As far as I can remember, Escape From New York was the first rated-R movie I ever saw in a theater. The year was 1981, and I was 11 years old, visiting relatives in St Louis, and my uncle took me and my cousins to see it. Movies like Planet of the Apes, Omega Man, and especially Logan’s Run had already started me down the path of loving the post-apocalyptic genre, but Escape From New York really sealed the deal, and I’ve been a huge fan of it ever since.
The film is likely older than most of the people who will read this, so if you’re not familiar with it, here’s the synopsis:
In 1997, a major war between the United States and the Soviet Union is concluding, and the entire island of Manhattan has been converted into a giant maximum security prison. When Air Force One is hijacked and crashes on the island, the president (Donald Pleasence) is taken hostage by a group of inmates. Snake Plissken (Kurt Russell), a former Special Forces soldier turned criminal, is recruited to retrieve the president in exchange for his own freedom.
I’ve seen debates where people question whether EFNY should even be considered post-apocalyptic. It’s definitely dystopian they say, but what’s so apocalyptic about New York City being turned into a prison?
Now if you only had the movie itself to go on, this might be an arguable position, but it turns out that the world of Snake Plissken absolutely qualifies as post-apocalyptic; they just cut most of that explanation out of the film.
If you want the whole story, you have to go back to the source, the movie script, or at least the novelization of that script by Mike McQuay.
The book brings a ton of backstory that adds a lot of depth to the characters of Snake and Hauk, and even explains how the largest city in the United States was abandoned and turned over to a bunch of killers and thugs.
It turns out that the war that’s only briefly mentioned in the movie is actually a full-fledged World War 3 being fought between the United States, Russia and China. Early on, they decided to keep nuclear weapons out of the fight to protect non-combatant countries from fallout, and instead agreed on the use of chemical weapons on a large scale. Of course, things don’t go as planned, and clouds of gas circle the planet killing brain cells and causing those affected to go crazy.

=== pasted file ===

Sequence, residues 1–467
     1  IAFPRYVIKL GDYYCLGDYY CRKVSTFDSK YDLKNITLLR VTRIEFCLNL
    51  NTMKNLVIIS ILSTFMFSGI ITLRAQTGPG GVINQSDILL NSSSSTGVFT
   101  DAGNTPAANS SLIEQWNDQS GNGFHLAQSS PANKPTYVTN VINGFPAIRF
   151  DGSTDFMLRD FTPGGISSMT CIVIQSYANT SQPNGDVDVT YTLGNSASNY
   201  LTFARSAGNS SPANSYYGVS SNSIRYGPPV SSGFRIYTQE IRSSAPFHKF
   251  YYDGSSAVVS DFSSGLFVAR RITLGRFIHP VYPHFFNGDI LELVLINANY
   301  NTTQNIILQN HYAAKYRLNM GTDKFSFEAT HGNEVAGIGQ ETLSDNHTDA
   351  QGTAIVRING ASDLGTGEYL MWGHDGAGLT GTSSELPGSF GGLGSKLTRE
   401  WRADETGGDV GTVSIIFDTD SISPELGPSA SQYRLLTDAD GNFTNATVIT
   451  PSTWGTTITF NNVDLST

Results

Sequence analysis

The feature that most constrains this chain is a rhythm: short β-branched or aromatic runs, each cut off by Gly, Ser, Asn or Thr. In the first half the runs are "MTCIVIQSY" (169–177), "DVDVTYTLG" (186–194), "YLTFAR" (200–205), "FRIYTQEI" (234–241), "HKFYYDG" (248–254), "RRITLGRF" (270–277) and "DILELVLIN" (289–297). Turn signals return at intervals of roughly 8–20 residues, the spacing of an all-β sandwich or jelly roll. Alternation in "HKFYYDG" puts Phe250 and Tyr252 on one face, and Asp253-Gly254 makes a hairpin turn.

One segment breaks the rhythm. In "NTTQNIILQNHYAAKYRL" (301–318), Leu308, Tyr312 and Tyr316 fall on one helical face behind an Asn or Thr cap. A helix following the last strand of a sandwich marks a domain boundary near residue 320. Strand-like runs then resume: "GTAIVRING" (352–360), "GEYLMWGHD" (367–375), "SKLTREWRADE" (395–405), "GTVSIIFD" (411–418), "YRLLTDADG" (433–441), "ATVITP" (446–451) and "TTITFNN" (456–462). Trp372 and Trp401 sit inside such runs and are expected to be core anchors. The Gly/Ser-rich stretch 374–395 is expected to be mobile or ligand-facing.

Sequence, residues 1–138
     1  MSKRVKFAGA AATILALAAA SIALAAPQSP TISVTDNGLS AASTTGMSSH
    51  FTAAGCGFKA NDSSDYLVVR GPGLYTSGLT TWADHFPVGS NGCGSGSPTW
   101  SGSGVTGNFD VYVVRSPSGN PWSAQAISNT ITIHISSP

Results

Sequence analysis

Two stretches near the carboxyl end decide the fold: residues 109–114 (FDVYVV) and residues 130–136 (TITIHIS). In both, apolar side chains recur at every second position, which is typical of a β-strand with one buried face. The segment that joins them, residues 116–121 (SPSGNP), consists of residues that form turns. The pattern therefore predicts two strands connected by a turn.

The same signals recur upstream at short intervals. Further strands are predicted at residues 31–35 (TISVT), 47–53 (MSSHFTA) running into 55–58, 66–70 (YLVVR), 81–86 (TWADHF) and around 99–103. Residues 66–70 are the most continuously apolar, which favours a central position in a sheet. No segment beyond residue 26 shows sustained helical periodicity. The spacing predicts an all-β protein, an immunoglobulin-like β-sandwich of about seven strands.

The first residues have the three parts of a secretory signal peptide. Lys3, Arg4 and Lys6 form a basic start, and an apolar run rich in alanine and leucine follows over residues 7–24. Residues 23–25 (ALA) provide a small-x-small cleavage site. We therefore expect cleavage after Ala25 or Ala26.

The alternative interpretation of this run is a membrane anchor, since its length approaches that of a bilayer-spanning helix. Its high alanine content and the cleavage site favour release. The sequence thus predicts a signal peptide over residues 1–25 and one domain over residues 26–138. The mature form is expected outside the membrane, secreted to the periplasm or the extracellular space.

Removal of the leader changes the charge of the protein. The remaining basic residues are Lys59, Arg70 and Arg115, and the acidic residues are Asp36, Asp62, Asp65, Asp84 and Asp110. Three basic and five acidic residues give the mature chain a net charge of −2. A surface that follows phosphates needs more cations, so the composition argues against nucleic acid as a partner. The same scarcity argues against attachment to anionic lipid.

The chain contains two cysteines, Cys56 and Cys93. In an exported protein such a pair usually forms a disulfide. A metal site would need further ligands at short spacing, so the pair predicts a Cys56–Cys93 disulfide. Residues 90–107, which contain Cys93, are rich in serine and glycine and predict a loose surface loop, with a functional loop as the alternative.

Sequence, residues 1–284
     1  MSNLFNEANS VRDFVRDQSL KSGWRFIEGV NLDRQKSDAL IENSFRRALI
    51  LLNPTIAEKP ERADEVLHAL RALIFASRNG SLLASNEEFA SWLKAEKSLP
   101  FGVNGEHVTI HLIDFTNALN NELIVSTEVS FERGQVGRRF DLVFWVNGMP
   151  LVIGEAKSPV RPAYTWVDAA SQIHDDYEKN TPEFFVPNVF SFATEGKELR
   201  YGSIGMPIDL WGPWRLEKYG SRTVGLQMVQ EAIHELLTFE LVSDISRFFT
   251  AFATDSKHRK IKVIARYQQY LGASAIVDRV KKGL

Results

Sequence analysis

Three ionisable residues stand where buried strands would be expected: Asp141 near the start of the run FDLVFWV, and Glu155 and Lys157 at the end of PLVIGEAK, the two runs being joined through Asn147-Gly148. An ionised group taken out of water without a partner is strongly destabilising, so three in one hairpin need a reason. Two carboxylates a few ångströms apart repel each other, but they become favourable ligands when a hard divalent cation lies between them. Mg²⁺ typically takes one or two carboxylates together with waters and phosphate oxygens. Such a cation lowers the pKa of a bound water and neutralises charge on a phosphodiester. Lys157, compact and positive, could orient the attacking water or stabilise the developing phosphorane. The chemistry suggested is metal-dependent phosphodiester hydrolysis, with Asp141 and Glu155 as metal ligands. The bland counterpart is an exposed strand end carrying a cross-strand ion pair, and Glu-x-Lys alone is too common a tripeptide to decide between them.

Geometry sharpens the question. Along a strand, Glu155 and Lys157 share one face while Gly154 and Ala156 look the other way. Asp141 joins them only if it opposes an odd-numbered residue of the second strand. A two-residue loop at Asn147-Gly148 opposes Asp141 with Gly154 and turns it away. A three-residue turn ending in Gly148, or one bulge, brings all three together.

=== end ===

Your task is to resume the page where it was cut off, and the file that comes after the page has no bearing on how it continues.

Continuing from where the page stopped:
The war is still actively being fought in the US West, resulting in a large portion of the country being described as badlands, and it’s those that go crazy from the gas that account for the 400% rise in crime in the United States that we hear about in the film, not just some sort of societal breakdown. And the book explains that as the first North American target in the war, New York City is subjected to a three week bombardment by fire bombs and gas, resulting in literally millions of cannibalistic crazies running the streets.
So what do you do if you have a country full of people driven to crime, and an island already populated with more crazy people than you know what to do with? Throw them all together and wall the whole place up. See, it’s all starting to make a lot more sense now right?
And the special message on that cassette tape that the President is trying to get to the Summit? To say it’s about nuclear fusion is a bit of an understatement. I think it adds a lot to the movie to know that the United States has developed what’s described as radiation-free thermonuclear bombs, and the President intends to demand an immediate surrender or he’ll use those new bombs on our enemies.
So if you’re already a fan of the movie (and how could you not be?) I’d definitely recommend you trying to get your hands on the book. You’ll feel right at home with the parts that are included in the film, but the extras definitely expand the universe and will make you enjoy the movie even more the next time you watch it.
And if you don’t want to put out the cash it would take to get the written version, here’s a scene eventually deleted from the movie showing Snake robbing the Bank of the United States of America, which is why he’s being sent to New York Maximum Security Penitentiary in the first place.